Ceramics are hot right now.

This month's Auckland Festival of Ceramics has more than 60 events on its programme, including coach tours, workshops, walks, expert talks, collectors' clinics, open studios and markets.

Classes at the Auckland Society of Potters are booked out; at Te Tuhi Gallery in Pakuranga, Ruby White (aka Miss Changy) is serving up Chinese-Malaysian inspired food on her own bespoke dinnerware and the Portage Ceramic Awards are showcasing 54 pieces by some of our most inventive artists working with clay.

But an exhibition that complements the annual Portage awards shows that New Zealand ceramics has a longer and livelier history than we may imagine. Curated by Moyra Elliott, Leading Ladies looks at five female potters who were working in the early 20th century: Briar Gardner, Elizabeth Matheson, Minnie F White, Olive Jones and Elizabeth Lissaman.

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As the exhibition notes, most histories of NZ studio pottery begin in the mid-20th century but here were a group of women making - surprisingly contemporary-looking - pottery several decades before, possibly influenced by the British Arts and Crafts movement.

"In the early 20th century it was necessary to be a woman of singular purpose and determination if making pottery was the aim, whether for economic independence, contributing towards family income or artistic expression," Elliott says.

Long-time collector Sandra Coney says the stories of the women's lives - the obstacles they overcame, the reasons they made the work they did, the equipment and the techniques themselves - provide a fascinating insight into our wider social history.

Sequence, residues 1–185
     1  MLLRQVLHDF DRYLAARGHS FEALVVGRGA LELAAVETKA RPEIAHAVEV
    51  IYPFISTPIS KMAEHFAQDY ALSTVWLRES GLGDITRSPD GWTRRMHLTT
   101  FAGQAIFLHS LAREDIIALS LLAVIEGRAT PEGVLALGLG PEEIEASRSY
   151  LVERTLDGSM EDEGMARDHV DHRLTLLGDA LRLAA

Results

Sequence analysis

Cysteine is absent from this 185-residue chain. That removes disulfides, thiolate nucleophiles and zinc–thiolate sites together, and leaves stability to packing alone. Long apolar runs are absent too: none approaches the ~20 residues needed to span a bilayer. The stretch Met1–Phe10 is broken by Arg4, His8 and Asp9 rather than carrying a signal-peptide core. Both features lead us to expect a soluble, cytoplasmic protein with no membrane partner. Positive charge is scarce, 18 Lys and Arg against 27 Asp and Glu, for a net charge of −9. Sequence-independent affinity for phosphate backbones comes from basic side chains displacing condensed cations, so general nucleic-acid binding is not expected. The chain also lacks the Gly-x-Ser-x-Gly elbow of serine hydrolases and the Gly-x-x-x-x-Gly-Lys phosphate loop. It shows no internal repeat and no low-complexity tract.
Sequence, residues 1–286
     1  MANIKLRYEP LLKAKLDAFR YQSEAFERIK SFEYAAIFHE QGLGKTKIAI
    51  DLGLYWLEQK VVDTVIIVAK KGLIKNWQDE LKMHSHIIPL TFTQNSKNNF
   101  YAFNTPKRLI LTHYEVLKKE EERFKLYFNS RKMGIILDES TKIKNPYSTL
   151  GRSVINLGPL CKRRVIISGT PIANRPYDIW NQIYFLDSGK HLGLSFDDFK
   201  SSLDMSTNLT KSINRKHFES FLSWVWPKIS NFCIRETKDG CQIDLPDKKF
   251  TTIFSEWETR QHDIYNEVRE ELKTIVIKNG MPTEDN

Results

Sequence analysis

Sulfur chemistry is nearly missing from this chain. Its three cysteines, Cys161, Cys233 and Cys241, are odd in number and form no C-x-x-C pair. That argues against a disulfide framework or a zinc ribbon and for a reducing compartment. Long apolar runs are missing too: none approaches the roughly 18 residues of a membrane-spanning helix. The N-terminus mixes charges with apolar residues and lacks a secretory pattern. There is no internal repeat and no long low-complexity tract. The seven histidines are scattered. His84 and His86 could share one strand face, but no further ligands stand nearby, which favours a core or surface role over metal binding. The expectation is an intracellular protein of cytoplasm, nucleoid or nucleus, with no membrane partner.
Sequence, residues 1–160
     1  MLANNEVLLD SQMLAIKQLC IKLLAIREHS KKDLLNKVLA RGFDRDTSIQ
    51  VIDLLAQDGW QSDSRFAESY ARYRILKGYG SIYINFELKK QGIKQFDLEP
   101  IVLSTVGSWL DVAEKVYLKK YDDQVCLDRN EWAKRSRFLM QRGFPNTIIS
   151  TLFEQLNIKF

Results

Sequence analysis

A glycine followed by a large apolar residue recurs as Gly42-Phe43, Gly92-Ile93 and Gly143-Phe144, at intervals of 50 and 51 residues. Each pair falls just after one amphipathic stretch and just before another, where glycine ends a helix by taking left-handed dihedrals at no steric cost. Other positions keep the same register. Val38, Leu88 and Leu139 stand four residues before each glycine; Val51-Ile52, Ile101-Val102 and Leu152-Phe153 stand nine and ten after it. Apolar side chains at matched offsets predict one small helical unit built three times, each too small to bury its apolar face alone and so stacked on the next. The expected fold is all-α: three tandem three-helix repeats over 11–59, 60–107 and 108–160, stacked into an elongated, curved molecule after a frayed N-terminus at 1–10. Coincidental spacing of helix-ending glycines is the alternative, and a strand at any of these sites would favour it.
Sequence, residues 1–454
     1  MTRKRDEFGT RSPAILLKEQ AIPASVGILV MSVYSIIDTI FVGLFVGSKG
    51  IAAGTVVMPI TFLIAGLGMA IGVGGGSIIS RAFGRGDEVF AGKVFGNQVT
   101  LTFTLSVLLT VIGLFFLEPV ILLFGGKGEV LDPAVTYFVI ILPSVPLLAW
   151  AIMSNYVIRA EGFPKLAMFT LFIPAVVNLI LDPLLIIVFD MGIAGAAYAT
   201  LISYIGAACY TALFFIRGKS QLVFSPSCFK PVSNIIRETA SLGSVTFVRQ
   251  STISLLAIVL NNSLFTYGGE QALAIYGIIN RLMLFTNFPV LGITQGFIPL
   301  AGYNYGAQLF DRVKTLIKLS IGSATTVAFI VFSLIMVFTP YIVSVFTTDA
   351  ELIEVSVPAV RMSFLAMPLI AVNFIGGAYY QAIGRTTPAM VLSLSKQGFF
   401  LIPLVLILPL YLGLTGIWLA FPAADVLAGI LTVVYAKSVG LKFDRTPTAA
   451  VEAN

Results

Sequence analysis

"It [this exhibition] is really doing them justice and it is about time because I think they've been forgotten but people will be fascinated to see how different and colourful their work was."

Coney says she long believed NZ potters produced only brown, slightly craggy looking work partly based on the kind of things her own mother, Doris Pearce, used to make. She was delighted to discover otherwise.

The longevity of some of these women's careers may also surprise. Elizabeth Lissaman was making pottery until her death, at 89, in 1990 and is thought to have had the longest career in ceramics in NZ; when Olive Jones passed away, also aged 89, she still had pots for turning waiting on her wheel.

That ceramics can become so addictive isn't news to artist and theatre designer John Parker, the only Auckland recipient of one of this year's Portage awards.

Parker started night-school pottery classes when he was "very unhappy" at university. It became a lifelong profession and passion.

"It's magnificent when you're at the wheel and the clay starts to swell - it's like magic," he says, adding that each success outweighs the failures so you're left thinking you'll just have one more go.

PORTAGE CERAMIC AWARD WINNERS
Premier Prize: Richard Stratton for Forced-Turned Teapot.
Residency Award at the International Ceramic Centre in Denmark: Andrea du Chatenier for Yellow Stack.
Merit Awards: John Parker, Amanda Shanley and Cheryl Lucas.

LOWDOWN
What: Auckland Festival of Ceramics
Where: various venues, until November 26
See: facebook.com/festivalofceramics
What: Leading Ladies and Portage Ceramic Awards 17
Where and when: Te Uru - Waitakere Contemporary Gallery; Ladies until January 28, Portage until February 11